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The Chinese dairy market was rocked by scandal in 2008 when it was discovered that producers were adding melamine, an industrial compound used to make plastic, to infant formula to boost apparent protein levels, but ended up causing six deaths and left thousands hospitalized with kidney problems. Producers like Synutra International (NASDAQ: SYUT ) have never recovered, their stocks trading at a fraction of their former heights.
This coming as it did a few years after producers were charged in a fake milk scandal leading to malnutrition and leaving 13 infants dead, Chinese mothers largely abandoned domestic formula suppliers in favor of foreign ones, like Nestle (NASDAQOTH: NSRGY ) and Danone (NASDAQOTH: DANOY ) .
Demand was so great that prices soared by as much as 30%, with foreign-made formula costing twice as much on the mainland as the same brands in Western countries. That led relatives as far away as the U.K. to buy up cases of formula locally and ship it back to China, causing supermarket chains like Tesco to impose a rationing system to limit the practice.
With runaway demand, analysts estimate the market there could hit $25 billion by 2017, but China has launched an investigation into whether foreign producers conspired to exploit the crisis to inflate prices.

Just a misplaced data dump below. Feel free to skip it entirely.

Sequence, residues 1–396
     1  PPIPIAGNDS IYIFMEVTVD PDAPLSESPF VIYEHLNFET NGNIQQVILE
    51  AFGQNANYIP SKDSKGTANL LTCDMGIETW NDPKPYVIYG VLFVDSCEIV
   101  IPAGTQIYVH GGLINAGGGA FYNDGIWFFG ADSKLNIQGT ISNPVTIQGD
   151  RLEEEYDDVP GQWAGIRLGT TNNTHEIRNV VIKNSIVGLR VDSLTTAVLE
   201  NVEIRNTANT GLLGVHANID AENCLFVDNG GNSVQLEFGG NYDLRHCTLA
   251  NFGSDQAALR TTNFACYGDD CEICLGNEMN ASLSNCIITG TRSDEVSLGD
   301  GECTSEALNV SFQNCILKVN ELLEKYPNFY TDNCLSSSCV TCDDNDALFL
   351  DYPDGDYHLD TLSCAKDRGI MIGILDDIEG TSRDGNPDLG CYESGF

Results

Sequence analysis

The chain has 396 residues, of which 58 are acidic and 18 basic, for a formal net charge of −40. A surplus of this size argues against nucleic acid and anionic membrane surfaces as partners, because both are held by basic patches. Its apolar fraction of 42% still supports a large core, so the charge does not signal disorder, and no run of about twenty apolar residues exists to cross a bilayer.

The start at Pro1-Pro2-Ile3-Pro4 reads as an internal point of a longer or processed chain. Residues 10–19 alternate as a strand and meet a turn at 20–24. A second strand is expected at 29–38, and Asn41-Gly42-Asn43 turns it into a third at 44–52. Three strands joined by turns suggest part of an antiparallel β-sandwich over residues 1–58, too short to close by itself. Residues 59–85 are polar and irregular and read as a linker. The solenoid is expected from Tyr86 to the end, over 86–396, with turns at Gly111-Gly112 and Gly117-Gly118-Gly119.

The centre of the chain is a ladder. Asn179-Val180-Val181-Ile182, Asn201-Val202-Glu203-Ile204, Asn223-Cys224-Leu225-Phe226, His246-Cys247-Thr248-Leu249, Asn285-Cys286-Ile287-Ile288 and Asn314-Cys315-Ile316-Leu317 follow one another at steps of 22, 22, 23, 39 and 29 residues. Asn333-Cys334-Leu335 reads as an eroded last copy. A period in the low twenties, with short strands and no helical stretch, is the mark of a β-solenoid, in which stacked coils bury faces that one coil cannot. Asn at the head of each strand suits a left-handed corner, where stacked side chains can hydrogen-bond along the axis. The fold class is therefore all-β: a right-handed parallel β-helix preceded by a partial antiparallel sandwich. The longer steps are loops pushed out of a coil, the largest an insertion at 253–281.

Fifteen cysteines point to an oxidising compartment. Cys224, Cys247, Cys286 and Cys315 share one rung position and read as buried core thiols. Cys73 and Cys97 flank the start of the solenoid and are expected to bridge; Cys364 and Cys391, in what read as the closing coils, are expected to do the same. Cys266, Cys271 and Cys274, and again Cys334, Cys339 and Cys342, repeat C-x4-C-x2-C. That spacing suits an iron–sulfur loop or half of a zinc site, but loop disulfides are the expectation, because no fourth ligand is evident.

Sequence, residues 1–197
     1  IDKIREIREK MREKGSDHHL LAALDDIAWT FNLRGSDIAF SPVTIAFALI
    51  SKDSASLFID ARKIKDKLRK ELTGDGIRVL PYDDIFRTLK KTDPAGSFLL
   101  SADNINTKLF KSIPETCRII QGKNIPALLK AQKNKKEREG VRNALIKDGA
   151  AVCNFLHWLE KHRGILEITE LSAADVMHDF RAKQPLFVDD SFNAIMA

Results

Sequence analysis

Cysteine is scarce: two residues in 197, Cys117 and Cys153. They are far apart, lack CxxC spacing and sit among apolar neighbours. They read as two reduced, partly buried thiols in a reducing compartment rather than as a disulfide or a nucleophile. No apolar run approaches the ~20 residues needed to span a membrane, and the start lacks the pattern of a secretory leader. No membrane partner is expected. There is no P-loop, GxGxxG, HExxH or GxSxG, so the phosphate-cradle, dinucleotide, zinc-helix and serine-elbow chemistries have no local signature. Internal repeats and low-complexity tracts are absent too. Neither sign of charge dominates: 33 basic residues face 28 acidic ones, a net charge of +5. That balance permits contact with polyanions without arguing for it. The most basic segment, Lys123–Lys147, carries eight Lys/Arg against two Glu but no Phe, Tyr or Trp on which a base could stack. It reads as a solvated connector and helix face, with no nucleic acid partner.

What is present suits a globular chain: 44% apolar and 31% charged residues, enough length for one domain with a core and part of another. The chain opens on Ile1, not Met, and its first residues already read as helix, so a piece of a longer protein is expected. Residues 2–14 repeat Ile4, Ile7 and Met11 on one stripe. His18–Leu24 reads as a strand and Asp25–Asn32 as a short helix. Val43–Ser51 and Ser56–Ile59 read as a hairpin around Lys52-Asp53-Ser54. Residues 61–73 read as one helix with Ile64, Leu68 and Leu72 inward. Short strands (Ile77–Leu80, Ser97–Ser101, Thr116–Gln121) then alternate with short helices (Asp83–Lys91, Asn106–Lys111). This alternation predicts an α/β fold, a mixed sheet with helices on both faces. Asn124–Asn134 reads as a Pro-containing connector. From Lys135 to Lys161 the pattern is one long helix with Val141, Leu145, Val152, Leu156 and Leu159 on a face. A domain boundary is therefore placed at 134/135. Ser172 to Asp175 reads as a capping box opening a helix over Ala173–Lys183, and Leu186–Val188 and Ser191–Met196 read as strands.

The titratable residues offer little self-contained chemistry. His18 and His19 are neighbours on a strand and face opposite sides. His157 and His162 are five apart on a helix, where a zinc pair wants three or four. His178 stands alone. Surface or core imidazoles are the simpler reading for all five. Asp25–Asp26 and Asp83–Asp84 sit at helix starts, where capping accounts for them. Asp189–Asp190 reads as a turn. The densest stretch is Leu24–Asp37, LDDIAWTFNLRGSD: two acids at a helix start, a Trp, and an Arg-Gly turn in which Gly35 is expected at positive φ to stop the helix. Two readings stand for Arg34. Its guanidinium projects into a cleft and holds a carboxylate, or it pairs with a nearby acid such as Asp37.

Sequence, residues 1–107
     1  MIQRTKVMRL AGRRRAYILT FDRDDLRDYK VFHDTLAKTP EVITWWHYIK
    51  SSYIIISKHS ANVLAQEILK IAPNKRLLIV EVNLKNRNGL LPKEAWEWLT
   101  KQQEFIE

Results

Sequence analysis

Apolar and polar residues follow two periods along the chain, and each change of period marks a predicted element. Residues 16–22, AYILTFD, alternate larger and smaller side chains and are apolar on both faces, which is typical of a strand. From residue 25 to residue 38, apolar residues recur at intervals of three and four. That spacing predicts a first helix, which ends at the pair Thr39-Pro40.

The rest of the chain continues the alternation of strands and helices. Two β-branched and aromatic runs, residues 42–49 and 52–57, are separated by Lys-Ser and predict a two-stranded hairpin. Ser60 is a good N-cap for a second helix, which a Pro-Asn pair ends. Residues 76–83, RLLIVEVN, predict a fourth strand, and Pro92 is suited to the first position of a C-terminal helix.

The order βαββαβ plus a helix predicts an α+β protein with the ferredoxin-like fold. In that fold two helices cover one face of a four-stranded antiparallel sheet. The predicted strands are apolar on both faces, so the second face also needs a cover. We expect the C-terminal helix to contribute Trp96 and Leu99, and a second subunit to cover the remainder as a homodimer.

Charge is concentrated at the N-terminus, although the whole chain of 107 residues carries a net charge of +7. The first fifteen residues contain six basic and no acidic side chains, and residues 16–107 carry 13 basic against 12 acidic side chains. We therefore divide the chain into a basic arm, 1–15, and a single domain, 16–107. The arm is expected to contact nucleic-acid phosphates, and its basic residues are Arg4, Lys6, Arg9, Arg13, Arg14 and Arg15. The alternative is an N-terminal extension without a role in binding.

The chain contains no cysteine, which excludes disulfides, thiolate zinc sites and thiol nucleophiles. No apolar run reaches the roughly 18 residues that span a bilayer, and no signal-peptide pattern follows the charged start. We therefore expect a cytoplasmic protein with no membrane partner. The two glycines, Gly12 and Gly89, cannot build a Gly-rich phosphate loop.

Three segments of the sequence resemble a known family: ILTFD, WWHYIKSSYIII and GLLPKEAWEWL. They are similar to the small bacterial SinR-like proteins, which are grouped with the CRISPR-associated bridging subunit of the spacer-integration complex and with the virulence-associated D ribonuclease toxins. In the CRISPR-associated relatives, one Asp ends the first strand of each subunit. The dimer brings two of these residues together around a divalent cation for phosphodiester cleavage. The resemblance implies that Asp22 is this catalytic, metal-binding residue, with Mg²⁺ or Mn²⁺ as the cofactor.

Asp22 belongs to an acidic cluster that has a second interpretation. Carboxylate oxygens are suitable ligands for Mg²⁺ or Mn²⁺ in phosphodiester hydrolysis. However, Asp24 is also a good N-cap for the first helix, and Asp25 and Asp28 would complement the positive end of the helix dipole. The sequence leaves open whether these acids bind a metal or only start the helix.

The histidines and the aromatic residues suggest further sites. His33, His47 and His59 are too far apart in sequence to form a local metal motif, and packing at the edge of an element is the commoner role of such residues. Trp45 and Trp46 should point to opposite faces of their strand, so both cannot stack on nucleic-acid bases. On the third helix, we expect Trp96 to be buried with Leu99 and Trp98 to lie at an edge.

In addition to Nestle and Danone, Abbott Labs (NYSE: ABT ) , Mead Johnson Nutrition (NYSE: MJN ) , New Zealand-based cooperative Fonterra, and Chinese producer Biostime have also confirmed they've been targeted for possible price-fixing and anti-competitive practices.
While it would seem to be simply supply and demand driving up the cost of infant formula prices, Nestle and Danone have already agreed to cut its prices, with Nestle saying it will lower them by 11% through 2014, with some products' prices getting slashed by as much as 20%. While that could be a gesture of goodwill, it could also suggest these companies previously colluded to raise prices.
Yet even if the foreign producers are found guilty of anticompetitive practices, don't expect domestic suppliers like Synutra to benefit. Chinese parents remain leery of locally produced product, and last year another formula maker, Yili, had to initiate a recall because of high levels of mercury.
Tainted food products out of China are nothing new, with antifreeze, lead paint, and other toxic substances having found their way into the food chain. And parents, it seems, would rather pay inflated prices than trust locally sourced products. Particularly when it comes to infant formula, "Made in China" is not a label that instills confidence.
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